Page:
Of the remaining provisions, paragraph twelfth states the times when the owner is to make payment of the construction costs, viz., one-half the cost of the overhead bridge and stairways, and the entire cost of all other bridges, passageways, and structures. Thirteen grants the company all necessary rights of access to the ticket office and its maintenance without charge to the company, with the owner agreeing at its own expense to keep the ticket office and corridor in good order and condition and in a good state of repair. Fourteen provides for discontinuance of the connection at the owner’s option on twelve months’ notice, procurement of releases and grants for a wider stairway and an additional stairway to the street, and payment by the owner to the company of the expense of removal of the connecting bridge and of restoration of the station platform. Fifteen provides that on discontinuance “as herein provided,” the owner need no longer maintain the corridor or arcade, or the ticket office, agent, or ticket choppers, but that no other rights “acquired hereunder by” the company or its lessor, “or their successors or assigns,” shall be affected by the discontinuance except as therein provided. And the sixteenth or final paragraph states as “agreed by and between the parties hereto that this agreement shall apply to and bind their respective assigns and successors in interest, and all subsequent owners and persons interested in the land affected thereby.”
Pursuant to this agreement the owner paid the Railway Company a sum or sums found to be $13,557.15 for construction costs, and also the further sum of $10,000 for one ticket chopper. No other ticket chopper was ever required, and hence no other payments were made. Before the special master the Railway Company claimed that it was excused from making the refund by reason of the owner’s default, chiefly in maintaining a ticket office and ticket agent; but the master ruled that it had agreed to or acquiesced in the substitution of McBride’s ticket agency, a lessee of corridor space, for a separate office, and it has not appealed. Hence we are concerned only with the transfer of the benefit of the covenant, and not of its burden. It does appear that the City of New York, under the so-called unification agreement, will pay this claim in full for $23,557.15 as soon as the proper payee is determined; but that is under its agreement to assume all liabilities of the company on its purchase of all the assets.
In what is now the leading New York case on this subject, Neponsit Property Owners’ Ass’n v. Emigrant Industrial Sav. Bank, 278 N.Y. 248, 254, 255, 15 N.E.2d 793, 795, 118 A.L.R. 973, the present distinguished Chief Judge of the Court of Appeals has stated “the age-old essentials of a real covenant,” aside from its form, as intent of the parties that it should run, that it “touches” or “concerns” the land with which it runs, and that there is “privity of estate” between the parties, citing therefor Clark on Covenants and Interests Running with Land, p. 74. It is perhaps a commentary upon the confused state of real covenant law, even as substantially clarified by the Neponsit case, that, while we consider the interesting and substantial question herein as limited to the issue of “touching” and “concerning,” nevertheless the master also found a lack of “privity of estate” and appellee urges vigorously that the requisite intent is absent. Since at least on these two latter points we think the result quite clear, we shall consider them first.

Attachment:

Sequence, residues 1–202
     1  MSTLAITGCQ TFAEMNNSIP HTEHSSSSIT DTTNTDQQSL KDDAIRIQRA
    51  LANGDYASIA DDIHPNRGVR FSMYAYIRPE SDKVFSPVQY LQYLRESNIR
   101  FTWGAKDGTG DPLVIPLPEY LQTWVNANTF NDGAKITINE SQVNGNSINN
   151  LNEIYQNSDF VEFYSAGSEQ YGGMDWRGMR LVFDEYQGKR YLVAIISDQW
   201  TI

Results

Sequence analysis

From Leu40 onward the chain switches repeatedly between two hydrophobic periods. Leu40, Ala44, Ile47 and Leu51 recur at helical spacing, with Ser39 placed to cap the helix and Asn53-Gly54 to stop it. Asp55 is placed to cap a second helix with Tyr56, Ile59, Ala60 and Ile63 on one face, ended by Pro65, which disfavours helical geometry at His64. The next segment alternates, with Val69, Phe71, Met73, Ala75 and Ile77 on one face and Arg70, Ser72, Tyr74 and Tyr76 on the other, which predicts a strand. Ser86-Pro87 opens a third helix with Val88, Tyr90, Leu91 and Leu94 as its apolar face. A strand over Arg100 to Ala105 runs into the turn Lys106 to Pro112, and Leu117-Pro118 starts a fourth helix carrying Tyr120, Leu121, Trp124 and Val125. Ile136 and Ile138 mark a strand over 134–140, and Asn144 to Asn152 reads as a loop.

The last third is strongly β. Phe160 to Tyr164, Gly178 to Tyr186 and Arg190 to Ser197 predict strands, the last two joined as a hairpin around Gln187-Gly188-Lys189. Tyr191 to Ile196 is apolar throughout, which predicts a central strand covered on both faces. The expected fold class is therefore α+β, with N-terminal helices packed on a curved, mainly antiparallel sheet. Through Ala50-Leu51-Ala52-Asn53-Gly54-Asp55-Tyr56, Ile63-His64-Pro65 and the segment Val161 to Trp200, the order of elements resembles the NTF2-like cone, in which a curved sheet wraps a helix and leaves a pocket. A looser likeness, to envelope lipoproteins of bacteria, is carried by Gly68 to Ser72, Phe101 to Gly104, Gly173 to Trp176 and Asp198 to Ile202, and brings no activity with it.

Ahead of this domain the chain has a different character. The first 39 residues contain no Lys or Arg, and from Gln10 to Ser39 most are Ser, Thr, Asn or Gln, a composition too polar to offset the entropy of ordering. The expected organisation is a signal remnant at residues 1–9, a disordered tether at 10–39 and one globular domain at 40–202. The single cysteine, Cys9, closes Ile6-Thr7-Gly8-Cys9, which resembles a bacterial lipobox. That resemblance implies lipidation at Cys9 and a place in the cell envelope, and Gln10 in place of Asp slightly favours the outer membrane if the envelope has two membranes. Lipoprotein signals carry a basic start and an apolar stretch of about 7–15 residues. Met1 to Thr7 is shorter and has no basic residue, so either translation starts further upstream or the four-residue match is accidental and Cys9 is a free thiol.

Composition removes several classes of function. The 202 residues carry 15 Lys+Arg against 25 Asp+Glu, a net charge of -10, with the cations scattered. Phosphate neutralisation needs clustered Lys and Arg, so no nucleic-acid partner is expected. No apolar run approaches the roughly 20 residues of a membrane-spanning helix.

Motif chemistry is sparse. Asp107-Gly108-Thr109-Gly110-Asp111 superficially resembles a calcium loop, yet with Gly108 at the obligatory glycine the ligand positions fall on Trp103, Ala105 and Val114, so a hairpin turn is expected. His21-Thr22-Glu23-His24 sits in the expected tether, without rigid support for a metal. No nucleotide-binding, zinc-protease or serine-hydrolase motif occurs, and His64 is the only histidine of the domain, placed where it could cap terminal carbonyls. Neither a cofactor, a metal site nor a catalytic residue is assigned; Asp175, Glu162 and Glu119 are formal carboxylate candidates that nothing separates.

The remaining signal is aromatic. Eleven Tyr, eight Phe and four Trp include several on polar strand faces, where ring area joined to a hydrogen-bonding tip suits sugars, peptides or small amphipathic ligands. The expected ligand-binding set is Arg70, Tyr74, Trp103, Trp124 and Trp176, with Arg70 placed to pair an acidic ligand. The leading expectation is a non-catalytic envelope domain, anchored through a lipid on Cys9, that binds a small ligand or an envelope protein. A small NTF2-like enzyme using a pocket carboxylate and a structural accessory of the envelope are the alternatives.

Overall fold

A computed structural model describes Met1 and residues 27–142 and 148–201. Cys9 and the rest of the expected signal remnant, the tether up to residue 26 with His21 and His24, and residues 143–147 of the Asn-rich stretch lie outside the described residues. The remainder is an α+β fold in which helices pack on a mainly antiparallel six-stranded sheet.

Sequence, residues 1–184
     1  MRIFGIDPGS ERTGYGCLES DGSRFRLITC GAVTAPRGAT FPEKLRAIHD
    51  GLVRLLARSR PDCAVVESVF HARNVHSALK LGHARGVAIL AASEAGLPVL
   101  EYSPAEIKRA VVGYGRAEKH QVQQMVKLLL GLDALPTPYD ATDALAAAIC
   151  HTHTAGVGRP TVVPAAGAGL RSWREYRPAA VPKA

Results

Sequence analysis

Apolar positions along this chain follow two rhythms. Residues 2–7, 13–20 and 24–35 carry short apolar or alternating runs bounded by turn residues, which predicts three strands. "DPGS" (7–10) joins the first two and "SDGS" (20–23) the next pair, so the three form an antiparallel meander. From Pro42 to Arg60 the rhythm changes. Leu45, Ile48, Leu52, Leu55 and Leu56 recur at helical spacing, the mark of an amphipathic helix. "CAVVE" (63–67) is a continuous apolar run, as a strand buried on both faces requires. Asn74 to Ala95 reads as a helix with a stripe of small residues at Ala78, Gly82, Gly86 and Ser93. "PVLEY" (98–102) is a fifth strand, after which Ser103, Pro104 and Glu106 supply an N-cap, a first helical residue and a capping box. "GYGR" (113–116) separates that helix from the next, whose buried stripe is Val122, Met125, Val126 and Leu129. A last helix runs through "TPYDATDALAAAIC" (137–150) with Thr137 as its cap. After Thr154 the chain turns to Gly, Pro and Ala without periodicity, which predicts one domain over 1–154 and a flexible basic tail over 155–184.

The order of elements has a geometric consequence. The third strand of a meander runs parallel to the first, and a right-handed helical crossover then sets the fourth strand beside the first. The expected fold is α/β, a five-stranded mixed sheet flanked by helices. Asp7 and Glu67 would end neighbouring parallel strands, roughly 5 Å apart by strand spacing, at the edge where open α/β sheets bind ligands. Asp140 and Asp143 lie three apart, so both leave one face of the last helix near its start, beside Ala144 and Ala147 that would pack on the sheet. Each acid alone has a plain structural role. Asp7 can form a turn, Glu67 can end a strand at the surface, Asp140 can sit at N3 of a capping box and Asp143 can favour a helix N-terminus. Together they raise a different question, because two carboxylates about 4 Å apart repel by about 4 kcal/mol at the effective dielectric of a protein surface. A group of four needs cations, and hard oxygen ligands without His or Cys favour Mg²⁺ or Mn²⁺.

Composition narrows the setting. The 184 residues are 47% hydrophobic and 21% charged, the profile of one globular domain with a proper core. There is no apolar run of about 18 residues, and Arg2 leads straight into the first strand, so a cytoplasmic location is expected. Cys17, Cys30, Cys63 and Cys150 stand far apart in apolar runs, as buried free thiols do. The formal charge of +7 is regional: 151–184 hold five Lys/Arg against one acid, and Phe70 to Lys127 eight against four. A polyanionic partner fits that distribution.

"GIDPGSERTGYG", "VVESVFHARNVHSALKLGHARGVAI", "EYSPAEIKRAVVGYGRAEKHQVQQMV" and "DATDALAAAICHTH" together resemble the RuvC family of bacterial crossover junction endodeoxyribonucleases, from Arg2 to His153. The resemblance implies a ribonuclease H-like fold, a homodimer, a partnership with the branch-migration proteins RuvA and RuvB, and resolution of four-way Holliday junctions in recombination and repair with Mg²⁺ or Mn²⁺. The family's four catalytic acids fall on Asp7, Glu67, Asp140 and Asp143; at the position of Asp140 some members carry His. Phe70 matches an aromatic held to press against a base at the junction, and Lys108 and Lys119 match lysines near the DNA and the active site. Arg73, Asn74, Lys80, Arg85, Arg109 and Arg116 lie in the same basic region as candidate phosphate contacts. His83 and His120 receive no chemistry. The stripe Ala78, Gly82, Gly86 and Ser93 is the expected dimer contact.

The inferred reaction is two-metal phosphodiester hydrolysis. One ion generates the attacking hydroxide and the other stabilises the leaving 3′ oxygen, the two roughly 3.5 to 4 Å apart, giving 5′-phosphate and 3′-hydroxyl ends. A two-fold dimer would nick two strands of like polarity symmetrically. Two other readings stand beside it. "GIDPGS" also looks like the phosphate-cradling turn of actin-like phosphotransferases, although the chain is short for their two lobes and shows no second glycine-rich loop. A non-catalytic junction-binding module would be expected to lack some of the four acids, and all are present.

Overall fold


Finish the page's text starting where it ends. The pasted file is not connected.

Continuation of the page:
It is now well settled that no particular formula is necessary for the expression of intent that a covenant shall “run with land” and pass with the conveyance of an estate therein, so long as the parties have made their desires clear. Denman v. Prince, 40 Barb., N.Y., 213, 217; Murphy v. Kerr, 8 Cir., 5 F.2d 908, 910, 41 A.L.R. 1359; Fowler v. Kent, 71 N.H. 388, 52 A. 554.
The parties here made their intent clearly manifest — in paragraph tenth, as to the benefit of repayment of construction costs to the owner, “its successors or assigns”; in paragraph fifteenth, for benefits to the Railway Company or its lessor, or “their successors or assigns”; and finally the complete statement in paragraph sixteenth, covering both benefits and burdens (“apply to and bind”), and with substantially a definition of assigns and successors in interest as “all subsequent owners and persons interested in the land affected thereby.” Moreover, the whole tenor of the complete document, with its provisions for maintenance of the arrangement therein provided for inextricably interwoven to make one complete plan or scheme only possible through the running of benefits and burdens, shows an intent for the transfer of such rights and obligations, and no hint of an intent to separate certain promises only for a more limited effect.